This is an imaginative scheme for an RSL client to undertake.  We are grateful to our client for trusting us to take them beyond their comfort zone, the resulting scheme is one that both we and our client will be proud to put our names to.

This may not be 100% affordable housing, but with deep cuts to the government’s financial support of social housing, it is certainly one way to help fund it.

Livity was granted planning permission in July 2013 and is due to start on site in September 2013.  We would love to hear about your affordable or private housing schemes, if you have any queries, or would like to speak to us about this, or another scheme, please do not hesitate to contact us.

Converting offices to residential: in practice

July 8, 2013

“It appears that so long as you stay within the use class boundaries, you would be permitted to convert an existing office building into a rabbit warren of tiny homes, with no affordable provision and minimal levels of space and light.  That can’t be right.  Can it?”  Peter Smith – Director

Following quite a bit of discussion and analysis in the press, on 30 May 2013 the Town and Country Planning (General Permitted Development) Order 1995 was amended.  For the next three years only, converting Class B1 office buildings into Class C3 residential homes (change of use and internal alterations) may not require planning permission.  Prior approval from the council is required, and if they consider that the scheme would create a material change in the character of the local traffic, or that the site has flooding or contamination issues, they may still require a planning application.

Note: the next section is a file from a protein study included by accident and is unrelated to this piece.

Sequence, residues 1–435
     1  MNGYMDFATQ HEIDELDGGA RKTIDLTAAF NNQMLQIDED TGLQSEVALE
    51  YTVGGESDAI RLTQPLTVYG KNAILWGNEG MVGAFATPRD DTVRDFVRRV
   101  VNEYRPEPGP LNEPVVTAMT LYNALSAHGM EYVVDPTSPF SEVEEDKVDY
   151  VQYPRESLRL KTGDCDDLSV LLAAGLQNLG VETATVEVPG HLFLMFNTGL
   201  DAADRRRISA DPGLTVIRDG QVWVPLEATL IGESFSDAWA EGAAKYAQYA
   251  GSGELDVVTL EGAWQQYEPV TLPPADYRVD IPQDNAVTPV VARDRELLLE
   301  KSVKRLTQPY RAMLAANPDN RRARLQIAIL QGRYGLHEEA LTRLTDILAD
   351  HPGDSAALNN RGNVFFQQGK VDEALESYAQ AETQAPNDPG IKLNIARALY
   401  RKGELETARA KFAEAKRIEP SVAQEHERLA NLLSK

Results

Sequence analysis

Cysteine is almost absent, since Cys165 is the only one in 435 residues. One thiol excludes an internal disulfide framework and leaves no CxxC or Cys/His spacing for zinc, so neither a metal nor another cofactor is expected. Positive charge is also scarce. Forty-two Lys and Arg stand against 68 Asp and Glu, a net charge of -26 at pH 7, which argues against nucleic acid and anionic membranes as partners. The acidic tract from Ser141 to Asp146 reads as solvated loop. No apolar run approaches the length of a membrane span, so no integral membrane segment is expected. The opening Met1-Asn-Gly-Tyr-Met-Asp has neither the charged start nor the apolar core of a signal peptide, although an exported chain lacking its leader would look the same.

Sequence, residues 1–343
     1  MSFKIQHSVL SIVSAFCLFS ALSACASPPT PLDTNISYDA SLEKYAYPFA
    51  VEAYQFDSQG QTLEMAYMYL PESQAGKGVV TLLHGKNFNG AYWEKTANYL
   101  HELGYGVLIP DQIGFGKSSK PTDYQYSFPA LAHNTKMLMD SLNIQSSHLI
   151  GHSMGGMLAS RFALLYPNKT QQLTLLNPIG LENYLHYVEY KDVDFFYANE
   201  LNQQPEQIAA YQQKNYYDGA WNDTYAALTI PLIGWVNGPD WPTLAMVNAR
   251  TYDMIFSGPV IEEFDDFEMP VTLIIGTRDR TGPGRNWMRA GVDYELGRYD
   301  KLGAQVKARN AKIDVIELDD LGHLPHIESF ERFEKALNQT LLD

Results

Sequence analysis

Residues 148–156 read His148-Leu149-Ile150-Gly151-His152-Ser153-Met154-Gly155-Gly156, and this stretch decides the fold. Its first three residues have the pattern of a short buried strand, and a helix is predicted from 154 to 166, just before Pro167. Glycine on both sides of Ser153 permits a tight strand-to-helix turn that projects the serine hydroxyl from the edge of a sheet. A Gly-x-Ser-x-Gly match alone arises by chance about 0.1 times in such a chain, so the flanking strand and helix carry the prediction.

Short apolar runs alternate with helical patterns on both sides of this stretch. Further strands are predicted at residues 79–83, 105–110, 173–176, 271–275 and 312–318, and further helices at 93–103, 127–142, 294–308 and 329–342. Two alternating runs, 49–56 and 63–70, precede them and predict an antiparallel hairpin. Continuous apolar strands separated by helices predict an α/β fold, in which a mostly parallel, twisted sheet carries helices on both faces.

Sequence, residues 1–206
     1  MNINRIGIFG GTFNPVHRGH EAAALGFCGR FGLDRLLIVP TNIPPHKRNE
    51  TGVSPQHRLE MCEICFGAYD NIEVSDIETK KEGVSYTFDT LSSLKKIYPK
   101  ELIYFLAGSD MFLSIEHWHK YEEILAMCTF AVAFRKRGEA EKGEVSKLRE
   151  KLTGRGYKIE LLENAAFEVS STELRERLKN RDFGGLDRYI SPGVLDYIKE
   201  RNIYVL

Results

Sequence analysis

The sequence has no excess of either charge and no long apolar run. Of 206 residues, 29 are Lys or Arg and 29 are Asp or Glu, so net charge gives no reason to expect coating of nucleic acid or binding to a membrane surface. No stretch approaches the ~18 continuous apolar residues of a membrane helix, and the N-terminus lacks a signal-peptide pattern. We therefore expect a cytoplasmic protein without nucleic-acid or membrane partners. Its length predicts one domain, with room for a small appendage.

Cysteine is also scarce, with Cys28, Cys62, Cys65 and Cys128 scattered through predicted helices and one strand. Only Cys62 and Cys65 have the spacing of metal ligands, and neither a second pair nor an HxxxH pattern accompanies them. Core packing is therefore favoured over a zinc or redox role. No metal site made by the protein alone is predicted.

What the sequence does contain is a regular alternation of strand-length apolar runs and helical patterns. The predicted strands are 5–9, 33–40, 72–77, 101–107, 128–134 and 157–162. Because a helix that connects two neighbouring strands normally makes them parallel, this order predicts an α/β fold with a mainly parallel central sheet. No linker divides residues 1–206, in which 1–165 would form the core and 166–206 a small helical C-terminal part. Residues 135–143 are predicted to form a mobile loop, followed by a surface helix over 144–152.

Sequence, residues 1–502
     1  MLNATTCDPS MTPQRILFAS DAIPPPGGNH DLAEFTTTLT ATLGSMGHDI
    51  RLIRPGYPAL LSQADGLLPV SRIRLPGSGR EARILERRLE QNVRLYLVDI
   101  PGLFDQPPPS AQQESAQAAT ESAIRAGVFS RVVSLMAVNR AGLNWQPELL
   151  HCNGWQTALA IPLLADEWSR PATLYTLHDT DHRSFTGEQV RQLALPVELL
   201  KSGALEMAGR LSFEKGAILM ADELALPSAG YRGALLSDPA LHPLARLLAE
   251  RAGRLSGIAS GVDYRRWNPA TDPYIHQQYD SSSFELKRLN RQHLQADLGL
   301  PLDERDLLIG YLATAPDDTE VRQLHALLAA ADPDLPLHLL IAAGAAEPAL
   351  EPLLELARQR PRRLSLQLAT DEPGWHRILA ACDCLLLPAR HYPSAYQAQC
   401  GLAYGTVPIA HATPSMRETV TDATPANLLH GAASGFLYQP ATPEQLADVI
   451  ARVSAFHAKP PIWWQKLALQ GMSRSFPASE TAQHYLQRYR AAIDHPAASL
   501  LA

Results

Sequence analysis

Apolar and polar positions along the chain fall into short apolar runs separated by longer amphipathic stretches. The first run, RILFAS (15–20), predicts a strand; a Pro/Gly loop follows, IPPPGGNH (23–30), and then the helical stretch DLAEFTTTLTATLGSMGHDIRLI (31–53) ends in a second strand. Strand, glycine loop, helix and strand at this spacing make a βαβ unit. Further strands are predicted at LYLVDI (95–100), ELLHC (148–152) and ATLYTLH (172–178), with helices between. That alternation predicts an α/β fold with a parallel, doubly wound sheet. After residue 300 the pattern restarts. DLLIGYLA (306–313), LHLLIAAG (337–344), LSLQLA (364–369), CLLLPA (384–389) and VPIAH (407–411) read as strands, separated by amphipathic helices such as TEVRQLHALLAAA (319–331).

Associated external building works will also still require planning permission, these might include façade alternations, balconies and a new entrance, as illustrated on another of our proposed office to residential conversions at Quest House, Croydon. http://www.davysmitharchitects.co.uk/projects/1512/.

Quest House

Quest House

So what are the ramification of this new and temporary legislation, in practice?  We are currently undertaking a feasibility study on an office building in North London for a private developer.  The scheme has thrown up a number of interesting but as yet untested issues.  Assuming we receive prior approval from the planners (and not withstanding Building Regulations compliance) it appears that conversion within permitted development removes the need to address the following usual planning considerations:

  • density of development,
  • provision of affordable homes,
  • local authority minimum space standards for new development,
  • Mayor’s London Housing Design Guide minimum space standards,
  • local authority preferred mix of homes (studio – family accommodation),
  • Code for Sustainable homes including minimum daylighting levels
  • section 106 contributions,
  • payment of the Mayor’s Community Infrastructure Levy (CIL)

From a developers perspective, the prospect of a permitted development office conversion sounds too good to be true,  even our client was skeptical.  Along with the rest of the design team we looked for the ‘catch’, assuming that there would be some loophole the planners could use to assert a bit of planning authority,  but to our surprise we all came up empty handed.  Indeed, there appears to be no planning restriction preventing our client from cramming his floorplate full of private homes, with no minimum space or daylight standards to adhere to, and without having to make any statutory contributions, financial or otherwise.  As a developer of high quality homes, this was not a route our client wished to pursue, but that’s not to say there aren’t other developers who will.

This apparently unrestricted development opportunity also appears to be completely at odds with the current shift towards larger brighter homes, as championed by the RIBA campaign for better new build homes at www.withoutspaceandlight.com via @BeHomeWise.

It is unclear what will happen, but as prior approval applications start to pile up on the desks of planners, it seems unlikely that office to residential conversions will be permitted to continue without further restrictions being imposed.

Too good to be true? Long-term, it probably is.